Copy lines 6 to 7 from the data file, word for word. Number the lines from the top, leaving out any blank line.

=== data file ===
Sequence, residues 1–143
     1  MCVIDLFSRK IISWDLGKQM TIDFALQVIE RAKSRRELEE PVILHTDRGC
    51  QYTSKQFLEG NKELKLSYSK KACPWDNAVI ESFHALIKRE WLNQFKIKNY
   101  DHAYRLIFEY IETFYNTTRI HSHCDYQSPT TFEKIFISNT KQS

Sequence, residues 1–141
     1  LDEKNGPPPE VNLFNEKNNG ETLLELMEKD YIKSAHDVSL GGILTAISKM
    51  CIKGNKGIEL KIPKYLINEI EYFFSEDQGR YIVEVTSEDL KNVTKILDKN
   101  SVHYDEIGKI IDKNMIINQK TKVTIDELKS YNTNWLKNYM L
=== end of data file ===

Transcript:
     1  LDEKNGPPPE VNLFNEKNNG ETLLELMEKD YIKSAHDVSL GGILTAISKM
    51  CIKGNKGIEL KIPKYLINEI EYFFSEDQGR YIVEVTSEDL KNVTKILDKN